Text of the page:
March 2015 31 The end of C-17 production leaves employees with mixed emotions, but also with a great sense of accomplishment by eric fetters-walp | photos by bob ferguson This is the second of two Frontiers features about the Boeing C-17 Globemaster III. To learn more, see the February 2015 issue. The C-17 aircraft progressing through the final assembly building in Long Beach, Calif., look nearly identical to the scores built here by employees during the past two decades. But these are different. They’re the final few models in production before the line shuts down. As they finish seemingly routine tasks, employees pause to reflect on using certain tools for the last time. Farewell gatherings have become common, and a large area of the huge factory building sits silent, housing idle equipment. But sadness at the program’s impending end is mixed with a sense of accomplishment for building a unique, high-performing airlifter that likely will fly for decades to come. By the time the production run is complete later this year, 279 C-17s will have been built. Of those, 223 were delivered to the U.S. Air Force. Other C-17 customers include military forces in the United Kingdom, India, Canada, Qatar, the United Arab Emirates, Kuwait and Australia, as well as the 12-nation Strategic Airlift Capability consortium of NATO and Partnership for Peace nations. “It’s been a really great ride,” said Tony Giamberdino, a Paint Shop and Ramp manager who’s worked on the C-17 program since 1993. “We keep communicating and help each other through this. We say ‘no one left behind’ up to the last day. We will go with all the pride we can and make the last C-17 as good as the first one— actually better than the first.” Boeing heritage company McDonnell Photos: (Far left) An employee-written message on part of the final C-17 fuselage to be assembled in the Long Beach, Calif., factory commemorates it as the 279th aircraft to be built. (Above) After production workers attach the massive wings of the C-17 to the body, the fuselage is ready to be moved to the next step on the final assembly line.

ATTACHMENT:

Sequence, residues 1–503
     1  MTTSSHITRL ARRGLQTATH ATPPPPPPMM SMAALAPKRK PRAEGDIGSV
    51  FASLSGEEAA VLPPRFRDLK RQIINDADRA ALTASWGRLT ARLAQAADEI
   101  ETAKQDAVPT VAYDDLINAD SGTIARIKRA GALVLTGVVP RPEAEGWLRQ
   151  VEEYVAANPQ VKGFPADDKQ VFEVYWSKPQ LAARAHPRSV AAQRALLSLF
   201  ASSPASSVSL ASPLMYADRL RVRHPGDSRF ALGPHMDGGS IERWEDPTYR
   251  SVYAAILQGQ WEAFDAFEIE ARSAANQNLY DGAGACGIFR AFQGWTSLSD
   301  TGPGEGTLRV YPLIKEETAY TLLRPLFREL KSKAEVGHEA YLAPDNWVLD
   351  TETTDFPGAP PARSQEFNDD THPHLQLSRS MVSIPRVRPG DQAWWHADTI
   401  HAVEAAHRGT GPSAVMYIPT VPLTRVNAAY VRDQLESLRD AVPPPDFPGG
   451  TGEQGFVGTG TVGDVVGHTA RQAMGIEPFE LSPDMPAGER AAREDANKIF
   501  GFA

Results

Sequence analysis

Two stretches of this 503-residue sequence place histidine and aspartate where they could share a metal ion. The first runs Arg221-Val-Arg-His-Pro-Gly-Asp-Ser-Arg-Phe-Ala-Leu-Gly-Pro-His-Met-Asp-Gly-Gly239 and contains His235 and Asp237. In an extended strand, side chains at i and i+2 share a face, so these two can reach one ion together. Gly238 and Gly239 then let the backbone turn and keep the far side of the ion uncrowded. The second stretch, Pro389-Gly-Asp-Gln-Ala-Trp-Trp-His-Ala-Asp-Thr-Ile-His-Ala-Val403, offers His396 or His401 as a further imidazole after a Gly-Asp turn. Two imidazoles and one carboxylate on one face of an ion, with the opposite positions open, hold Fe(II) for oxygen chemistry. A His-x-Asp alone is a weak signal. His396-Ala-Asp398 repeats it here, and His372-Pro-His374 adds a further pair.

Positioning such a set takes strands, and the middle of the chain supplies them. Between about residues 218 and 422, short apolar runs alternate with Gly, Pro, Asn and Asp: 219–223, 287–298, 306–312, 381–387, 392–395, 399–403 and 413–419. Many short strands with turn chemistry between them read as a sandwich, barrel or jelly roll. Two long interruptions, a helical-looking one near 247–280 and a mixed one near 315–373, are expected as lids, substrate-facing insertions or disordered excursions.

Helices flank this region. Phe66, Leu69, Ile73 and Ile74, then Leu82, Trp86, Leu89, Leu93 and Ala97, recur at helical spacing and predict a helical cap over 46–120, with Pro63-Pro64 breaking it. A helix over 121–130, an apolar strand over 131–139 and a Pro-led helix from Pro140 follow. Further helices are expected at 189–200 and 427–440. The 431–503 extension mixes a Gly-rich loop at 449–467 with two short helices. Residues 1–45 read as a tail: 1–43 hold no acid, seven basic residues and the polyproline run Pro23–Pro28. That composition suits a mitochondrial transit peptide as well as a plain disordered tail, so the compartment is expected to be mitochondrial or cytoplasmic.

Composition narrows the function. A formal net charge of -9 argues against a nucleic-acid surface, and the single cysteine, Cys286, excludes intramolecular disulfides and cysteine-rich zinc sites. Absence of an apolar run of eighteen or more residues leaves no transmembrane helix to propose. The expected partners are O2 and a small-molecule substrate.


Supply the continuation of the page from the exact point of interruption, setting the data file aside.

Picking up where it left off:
Frontiers March 2015 Issue
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